Relief money totaled $175 billion, “an important lifeline” when patient visits dropped.
Government subsidies worth $175 billion helped American hospitals’ finances when COVID-19 victims did not have insurance or patients canceled visits and procedures in 2020, the first year of the COVID-19 pandemic.
The study, “COVID-19 and Hospital Financial Viability in the U.S.,” was one of the first investigations into how the government money affected financial viability of hospitals during the pandemic. The knowledge could help policymakers decide whether and how to issue future subsidies during this pandemic or others, the authors said in a press release.
“Hospital operations were really hit hard during the pandemic. Our study shows that the relief funds provided an important lifeline to keep financially weak hospitals up and running,” co-author Ge Bai, PhD, CPA, said in a press release. Bai is a professor in the Johns Hopkins University Bloomberg School’s Department of Health Policy and Management, and a professor of accounting at the university’s Carey Business School.
“When COVID-19 gained traction in the U.S. in early 2020, hospital operations changed significantly,” the authors said in the press release. “Patients often deferred elective procedures and appointments that weren’t urgent, and many hospitals had to restructure their facilities to treat an influx of patients with COVID-19, a significant portion of whom were uninsured.”
During the public health emergency, the federal government provided $175 billion in subsidies to hospitals across the country. The money came from the Coronavirus Aid, Relief and Economic Security (CARES) Act, and the Economic Security Act and Paycheck Protection Program and Health Care Enhancement Act. Funding also came through the Provider Relief Fund and the Covid-19 Uninsured Program.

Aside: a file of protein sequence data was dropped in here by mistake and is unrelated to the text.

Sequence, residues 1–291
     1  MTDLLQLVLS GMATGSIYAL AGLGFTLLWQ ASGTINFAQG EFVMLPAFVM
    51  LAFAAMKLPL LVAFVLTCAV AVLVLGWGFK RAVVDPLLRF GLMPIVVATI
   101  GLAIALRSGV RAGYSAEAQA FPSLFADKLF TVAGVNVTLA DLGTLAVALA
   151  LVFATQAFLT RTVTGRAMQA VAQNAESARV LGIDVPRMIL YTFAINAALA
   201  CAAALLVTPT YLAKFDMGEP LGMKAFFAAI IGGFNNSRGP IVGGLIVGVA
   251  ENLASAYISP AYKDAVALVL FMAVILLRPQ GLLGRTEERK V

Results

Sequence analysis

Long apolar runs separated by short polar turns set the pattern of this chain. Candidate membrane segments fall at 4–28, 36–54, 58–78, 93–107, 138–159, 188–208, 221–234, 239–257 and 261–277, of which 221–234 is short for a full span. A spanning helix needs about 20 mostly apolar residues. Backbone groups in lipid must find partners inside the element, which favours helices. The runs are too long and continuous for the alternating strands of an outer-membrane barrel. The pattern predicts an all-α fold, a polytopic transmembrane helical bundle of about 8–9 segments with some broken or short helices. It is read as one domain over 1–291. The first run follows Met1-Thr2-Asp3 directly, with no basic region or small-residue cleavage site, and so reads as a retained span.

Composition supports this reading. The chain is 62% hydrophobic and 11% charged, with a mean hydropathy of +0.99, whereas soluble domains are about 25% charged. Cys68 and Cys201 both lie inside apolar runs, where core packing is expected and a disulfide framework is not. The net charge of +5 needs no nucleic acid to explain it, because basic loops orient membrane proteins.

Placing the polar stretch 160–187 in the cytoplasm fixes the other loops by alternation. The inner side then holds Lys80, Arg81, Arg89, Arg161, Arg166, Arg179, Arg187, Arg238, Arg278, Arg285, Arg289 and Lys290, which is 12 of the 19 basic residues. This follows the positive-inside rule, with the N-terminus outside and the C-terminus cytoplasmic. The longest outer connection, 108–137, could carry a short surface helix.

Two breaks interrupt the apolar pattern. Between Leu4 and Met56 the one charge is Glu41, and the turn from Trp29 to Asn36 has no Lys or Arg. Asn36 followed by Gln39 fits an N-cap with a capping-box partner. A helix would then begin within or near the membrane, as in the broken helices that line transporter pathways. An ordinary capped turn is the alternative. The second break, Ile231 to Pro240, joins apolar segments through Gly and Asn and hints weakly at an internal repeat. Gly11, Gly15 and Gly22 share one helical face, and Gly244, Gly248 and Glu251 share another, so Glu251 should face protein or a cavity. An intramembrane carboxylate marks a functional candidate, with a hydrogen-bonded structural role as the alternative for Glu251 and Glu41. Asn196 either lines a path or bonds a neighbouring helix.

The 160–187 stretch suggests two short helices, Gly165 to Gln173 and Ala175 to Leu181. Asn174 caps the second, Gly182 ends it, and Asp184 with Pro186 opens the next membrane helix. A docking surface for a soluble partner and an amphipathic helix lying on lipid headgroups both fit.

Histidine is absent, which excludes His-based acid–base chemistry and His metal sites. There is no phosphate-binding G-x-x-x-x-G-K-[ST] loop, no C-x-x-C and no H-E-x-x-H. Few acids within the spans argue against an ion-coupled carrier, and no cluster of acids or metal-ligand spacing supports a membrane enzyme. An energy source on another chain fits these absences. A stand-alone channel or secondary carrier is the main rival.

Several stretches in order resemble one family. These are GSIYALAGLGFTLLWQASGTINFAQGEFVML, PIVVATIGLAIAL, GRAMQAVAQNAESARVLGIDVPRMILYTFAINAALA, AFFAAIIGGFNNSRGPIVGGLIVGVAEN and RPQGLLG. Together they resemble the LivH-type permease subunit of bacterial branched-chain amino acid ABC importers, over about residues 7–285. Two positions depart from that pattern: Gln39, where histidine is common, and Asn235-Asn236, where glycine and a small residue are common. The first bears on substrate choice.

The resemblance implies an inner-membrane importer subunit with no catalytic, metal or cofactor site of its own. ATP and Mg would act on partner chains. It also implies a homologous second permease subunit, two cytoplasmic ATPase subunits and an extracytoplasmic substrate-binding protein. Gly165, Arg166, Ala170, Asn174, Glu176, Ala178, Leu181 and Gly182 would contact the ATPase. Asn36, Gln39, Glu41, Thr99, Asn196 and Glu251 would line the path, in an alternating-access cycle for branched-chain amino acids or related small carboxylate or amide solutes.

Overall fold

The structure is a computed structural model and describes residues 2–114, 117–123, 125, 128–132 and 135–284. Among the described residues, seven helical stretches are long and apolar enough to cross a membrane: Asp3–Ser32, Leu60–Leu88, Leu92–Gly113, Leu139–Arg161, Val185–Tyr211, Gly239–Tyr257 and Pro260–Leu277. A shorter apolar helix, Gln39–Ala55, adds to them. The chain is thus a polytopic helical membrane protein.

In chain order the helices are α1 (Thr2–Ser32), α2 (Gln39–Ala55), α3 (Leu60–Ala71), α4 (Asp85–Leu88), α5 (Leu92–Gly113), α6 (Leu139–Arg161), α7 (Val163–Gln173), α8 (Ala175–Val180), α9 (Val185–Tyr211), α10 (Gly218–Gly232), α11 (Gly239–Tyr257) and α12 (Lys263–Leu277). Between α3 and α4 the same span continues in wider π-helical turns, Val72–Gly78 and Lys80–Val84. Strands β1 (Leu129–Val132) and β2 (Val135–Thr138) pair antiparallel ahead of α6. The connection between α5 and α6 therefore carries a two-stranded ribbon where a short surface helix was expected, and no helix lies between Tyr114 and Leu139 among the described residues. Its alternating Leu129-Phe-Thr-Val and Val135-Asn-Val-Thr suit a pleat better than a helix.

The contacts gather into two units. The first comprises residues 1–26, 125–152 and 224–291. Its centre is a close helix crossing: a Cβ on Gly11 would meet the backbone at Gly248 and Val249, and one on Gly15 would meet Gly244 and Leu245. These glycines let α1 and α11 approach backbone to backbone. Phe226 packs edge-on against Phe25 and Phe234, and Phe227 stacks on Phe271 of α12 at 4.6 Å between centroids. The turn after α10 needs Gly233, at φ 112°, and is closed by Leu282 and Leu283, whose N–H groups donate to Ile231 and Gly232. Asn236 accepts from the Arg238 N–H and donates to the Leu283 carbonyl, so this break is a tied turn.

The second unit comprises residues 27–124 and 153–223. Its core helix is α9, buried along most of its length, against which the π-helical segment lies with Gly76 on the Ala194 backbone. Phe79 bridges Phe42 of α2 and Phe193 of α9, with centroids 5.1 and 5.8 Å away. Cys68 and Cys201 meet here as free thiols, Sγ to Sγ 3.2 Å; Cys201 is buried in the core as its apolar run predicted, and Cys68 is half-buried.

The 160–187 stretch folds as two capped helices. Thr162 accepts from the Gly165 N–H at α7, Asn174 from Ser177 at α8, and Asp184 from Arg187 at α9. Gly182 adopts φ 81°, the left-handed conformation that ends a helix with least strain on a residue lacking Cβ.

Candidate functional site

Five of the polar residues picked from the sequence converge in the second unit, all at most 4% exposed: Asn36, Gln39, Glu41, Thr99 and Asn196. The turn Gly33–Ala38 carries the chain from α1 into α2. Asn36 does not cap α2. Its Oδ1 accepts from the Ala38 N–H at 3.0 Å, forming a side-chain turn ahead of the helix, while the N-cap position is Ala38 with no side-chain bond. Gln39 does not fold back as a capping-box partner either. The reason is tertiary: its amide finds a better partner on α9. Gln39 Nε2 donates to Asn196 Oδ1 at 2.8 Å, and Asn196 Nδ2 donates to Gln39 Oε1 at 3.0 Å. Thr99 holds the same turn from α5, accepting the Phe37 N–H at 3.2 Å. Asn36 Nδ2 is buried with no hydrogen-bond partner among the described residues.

“Hospitals that tend to serve socioeconomically disadvantaged patients and more who are uninsured are the most vulnerable to financial losses,” says first author Yang Wang, PhD, a doctoral student in the Bloomberg School’s Department of Health Policy and Management. “But the extra federal funding helped them stay operational.”
The researchers examined 2,163 U.S. hospitals and found “a sizeable reduction” in their operating margins for 2020.
In the pre-pandemic period, hospitals overall lost an average of $1 for every $100 earned from patient care activities, leading to an operating margin of negative 1%. In 2020, that number dropped to between $7 and $8 lost per every $100 earned, an operating margin of negative 7.4%.
However, overall profit margins remained similar to prior years.
For government, rural, and smaller hospitals, “which often operate on the edge of financial viability,” the average overall profit margin stayed stable or improved during the first year of the pandemic due to COVID-19-related subsidies. From 2019 to 2020, the average overall profit margin increased from:
The authors noted the study results could be used for quantitative inferences for all hospitals or individual hospitals.
Financial performance depends on various factors, such as market characteristics, demographic characteristics of patients, and regulations, which the researchers did not examine. Reporting inaccuracies in administrative data also could change the results.
“Despite these limitations, this study potentially facilitates understanding of the operational and overall financial implications of the COVID-19 pandemic,” the study said.
The study was published May 13 in the journal JAMA Health Forum.